Aerial shot of six members of the RICE and ROCKWOOL team shown at the demonstration unit following its successful installation.

A collaboration between researchers at the Energy Safety Research Institute (ESRI) at Swansea University and insulation producer ROCKWOOL Limited has seen the installation of a new carbon dioxide demonstration unit at the company’s manufacturing plant in Bridgend, South Wales.

The research, which involves the capture of carbon dioxide gas, is an important technological contribution in enabling Wales and the UK achieve net zero carbon by 2050.

The demonstration unit, which will capture carbon dioxide (CO2) emissions from the manufacturing of insulation products, is being developed as part of the £11.5m Reducing Industrial Carbon Emissions (RICE) project which has been part-funded by the European Regional Development Fund through the Welsh Government, and is aimed at the deployment of industrial scale demonstrations of new technology.

ROCKWOOL insulation is a stone-based insulation, which is inorganic and ideal for thermal insulation, fire protection, acoustic control and environmental purposes. It is sourced from abundant lava deposits of volcanic rocks which are melted in a cupola furnace like a controlled man-made volcano. As the re-melted lava comes out of the furnace, it is spun, bound together in a wool-like fleece before being cut, shaped and combined into many different products for a wide variety of applications including buildings, systems, services, marine and offshore.

As a point source of CO2, the ROCKWOOL plant is a valuable location for RICE researchers to pilot their technology. The researchers have installed a mass spectrometer to analyse gas emission from ROCKWOOL manufacturing facilities, gathering detailed information which inform the separation system. Through utilising different adsorbent materials and varying conditions, researchers will conduct trials to determine the most effective set-up for removing the carbon dioxide. The demonstration unit will include a Pressure Swing Adsorption (PSA) system to separate carbon dioxide from the mixture of emitted gases.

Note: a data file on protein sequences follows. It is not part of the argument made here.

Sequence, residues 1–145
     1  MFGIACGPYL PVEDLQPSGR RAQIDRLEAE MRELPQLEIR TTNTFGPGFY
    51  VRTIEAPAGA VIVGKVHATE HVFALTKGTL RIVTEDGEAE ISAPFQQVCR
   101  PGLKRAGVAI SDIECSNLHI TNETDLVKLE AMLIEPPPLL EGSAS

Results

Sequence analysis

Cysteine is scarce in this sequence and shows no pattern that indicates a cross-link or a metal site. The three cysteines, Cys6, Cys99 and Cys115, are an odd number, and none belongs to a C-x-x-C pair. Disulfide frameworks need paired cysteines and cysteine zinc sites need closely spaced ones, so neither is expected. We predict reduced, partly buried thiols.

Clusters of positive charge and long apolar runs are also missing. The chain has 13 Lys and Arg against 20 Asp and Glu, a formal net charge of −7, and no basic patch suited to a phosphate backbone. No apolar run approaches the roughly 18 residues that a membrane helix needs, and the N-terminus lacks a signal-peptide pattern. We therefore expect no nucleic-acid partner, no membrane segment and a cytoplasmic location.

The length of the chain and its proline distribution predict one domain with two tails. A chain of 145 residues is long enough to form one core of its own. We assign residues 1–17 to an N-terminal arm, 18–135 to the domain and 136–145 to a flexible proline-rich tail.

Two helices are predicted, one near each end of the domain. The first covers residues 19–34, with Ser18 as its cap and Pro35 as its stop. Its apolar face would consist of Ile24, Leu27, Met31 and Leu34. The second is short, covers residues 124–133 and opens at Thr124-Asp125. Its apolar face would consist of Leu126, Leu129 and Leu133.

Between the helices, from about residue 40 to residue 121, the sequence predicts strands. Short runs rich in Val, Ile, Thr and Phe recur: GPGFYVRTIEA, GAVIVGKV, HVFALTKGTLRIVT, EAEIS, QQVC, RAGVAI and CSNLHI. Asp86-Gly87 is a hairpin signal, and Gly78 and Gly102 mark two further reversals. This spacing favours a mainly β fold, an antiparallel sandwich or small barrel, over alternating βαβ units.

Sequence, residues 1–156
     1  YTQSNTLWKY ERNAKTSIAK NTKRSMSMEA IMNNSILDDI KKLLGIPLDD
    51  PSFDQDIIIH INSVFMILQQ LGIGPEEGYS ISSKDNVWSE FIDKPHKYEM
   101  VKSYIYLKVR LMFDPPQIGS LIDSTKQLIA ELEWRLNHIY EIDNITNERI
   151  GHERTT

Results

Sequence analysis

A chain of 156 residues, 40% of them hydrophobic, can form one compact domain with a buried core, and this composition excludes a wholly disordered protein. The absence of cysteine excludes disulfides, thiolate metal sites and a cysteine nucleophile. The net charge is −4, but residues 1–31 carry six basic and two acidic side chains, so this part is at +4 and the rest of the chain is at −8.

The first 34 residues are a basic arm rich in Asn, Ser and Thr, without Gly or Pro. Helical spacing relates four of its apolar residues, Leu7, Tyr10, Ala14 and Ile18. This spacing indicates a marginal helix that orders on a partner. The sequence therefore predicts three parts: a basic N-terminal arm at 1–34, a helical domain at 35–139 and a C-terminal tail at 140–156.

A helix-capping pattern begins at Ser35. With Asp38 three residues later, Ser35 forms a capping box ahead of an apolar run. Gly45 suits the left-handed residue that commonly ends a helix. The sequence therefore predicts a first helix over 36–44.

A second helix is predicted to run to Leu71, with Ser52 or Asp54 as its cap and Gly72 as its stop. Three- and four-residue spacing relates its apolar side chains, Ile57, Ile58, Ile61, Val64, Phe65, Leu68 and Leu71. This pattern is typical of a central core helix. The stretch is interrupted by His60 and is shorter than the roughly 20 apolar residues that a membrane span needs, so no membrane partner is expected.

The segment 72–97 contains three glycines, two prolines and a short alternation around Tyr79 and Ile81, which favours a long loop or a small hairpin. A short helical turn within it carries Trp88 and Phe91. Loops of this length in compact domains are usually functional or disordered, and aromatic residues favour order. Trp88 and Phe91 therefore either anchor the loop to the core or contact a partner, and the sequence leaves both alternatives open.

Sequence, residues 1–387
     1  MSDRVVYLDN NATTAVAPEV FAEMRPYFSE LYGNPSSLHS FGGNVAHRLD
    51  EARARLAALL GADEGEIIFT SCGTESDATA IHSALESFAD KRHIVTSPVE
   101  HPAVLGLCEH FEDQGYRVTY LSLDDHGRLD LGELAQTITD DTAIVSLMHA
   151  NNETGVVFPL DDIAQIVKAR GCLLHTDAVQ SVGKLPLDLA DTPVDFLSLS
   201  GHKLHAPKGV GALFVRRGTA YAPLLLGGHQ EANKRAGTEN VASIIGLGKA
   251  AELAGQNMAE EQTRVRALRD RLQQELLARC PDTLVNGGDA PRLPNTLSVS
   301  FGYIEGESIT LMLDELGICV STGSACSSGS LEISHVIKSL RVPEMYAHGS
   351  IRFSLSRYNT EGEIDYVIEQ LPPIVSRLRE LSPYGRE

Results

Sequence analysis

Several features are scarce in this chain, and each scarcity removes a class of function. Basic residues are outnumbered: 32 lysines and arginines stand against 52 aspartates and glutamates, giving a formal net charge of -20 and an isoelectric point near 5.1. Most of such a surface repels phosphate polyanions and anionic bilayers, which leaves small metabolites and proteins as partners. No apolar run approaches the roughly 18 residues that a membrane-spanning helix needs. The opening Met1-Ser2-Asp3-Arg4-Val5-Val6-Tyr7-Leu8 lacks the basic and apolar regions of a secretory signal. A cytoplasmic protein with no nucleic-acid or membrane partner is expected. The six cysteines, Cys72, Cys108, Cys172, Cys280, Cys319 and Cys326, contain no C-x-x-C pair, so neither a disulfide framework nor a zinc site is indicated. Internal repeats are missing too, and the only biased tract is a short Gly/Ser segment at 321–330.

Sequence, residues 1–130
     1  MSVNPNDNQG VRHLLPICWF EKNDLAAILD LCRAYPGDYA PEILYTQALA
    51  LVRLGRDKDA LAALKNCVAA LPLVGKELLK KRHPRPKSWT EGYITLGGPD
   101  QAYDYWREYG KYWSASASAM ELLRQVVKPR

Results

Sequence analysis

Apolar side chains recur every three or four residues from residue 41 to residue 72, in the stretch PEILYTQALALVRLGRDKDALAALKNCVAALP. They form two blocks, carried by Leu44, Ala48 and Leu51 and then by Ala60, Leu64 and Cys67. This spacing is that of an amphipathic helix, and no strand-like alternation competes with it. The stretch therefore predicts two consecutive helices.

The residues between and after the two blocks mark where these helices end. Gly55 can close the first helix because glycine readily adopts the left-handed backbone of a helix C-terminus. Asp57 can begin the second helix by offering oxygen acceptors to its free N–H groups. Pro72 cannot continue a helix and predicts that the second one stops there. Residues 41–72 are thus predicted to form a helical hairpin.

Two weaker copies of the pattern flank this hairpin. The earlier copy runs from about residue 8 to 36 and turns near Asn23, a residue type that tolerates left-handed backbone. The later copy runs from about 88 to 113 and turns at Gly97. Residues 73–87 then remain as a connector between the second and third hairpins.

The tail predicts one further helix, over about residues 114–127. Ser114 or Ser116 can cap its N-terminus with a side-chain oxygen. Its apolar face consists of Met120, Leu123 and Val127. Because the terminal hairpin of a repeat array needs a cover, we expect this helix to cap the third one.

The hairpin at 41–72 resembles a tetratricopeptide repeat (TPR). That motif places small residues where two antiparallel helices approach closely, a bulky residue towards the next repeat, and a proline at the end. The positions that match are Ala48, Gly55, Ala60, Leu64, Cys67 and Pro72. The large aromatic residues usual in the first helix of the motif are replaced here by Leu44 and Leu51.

Leading this work is Dr Enrico Andreoli and his team who are based at the Energy Safety Research Institute.

“This is an exceptional opportunity for our team to tackle carbon emissions in Wales. ROCKWOOL’s supportive and forward-looking approach is helping us bringing our technology on site, we count to provide a bespoke carbon capture solution to inform feasibility of future scale up and test advanced materials.”

Data from the units installed at ROCKWOOL’s Bridgend plant will be monitored by RICE researchers on site to ensure the system operates at optimum levels and to identify potential enhancements. Having access to industrial facilities to scale up the demonstration units is a vital part of the RICE project, and ROCKWOOL has been an enthusiastic partner in the project.

Darryl Matthews, Managing Director of ROCKWOOL Ltd said:

“The ROCKWOOL Group has long been committed to operating sustainably and in December 2020, ROCKWOOL announced commitments to accelerate the decarbonisation of our business, with specific long-term targets verified and approved by the Science Based Targets initiative. As part of this drive, we are delighted to partner with the Energy Safety Research Institute at Swansea University and to be a part of the RICE project piloting new technology designed to capture CO2 emissions. We are excited about its potential in supporting the drive to net zero.”

Following the successful deployment of the unit at ROCKWOOL’s plant, further units could be deployed at additional industrial sites.

Professor Andrew Barron the Principal Investigator of the RICE project summarized the achievement,

“With 2050 arriving fast, the time for research is over, it is imperative to get new technology onto industrial sites in order to demonstrate viability. Partners such as Rockwool are vital in achieving this goal.”

Welsh Government Economy Minister, Vaughan Gething, said:

“These are the partnerships that will drive a stronger, greener Welsh economy.  Putting world class expertise into practice is critical to our journey to net zero and this work means Bridgend will play a leading role in these exciting developments.  I’m delighted that we’ve been able to support the project through the European Regional Development Fund.”

More information is available here.

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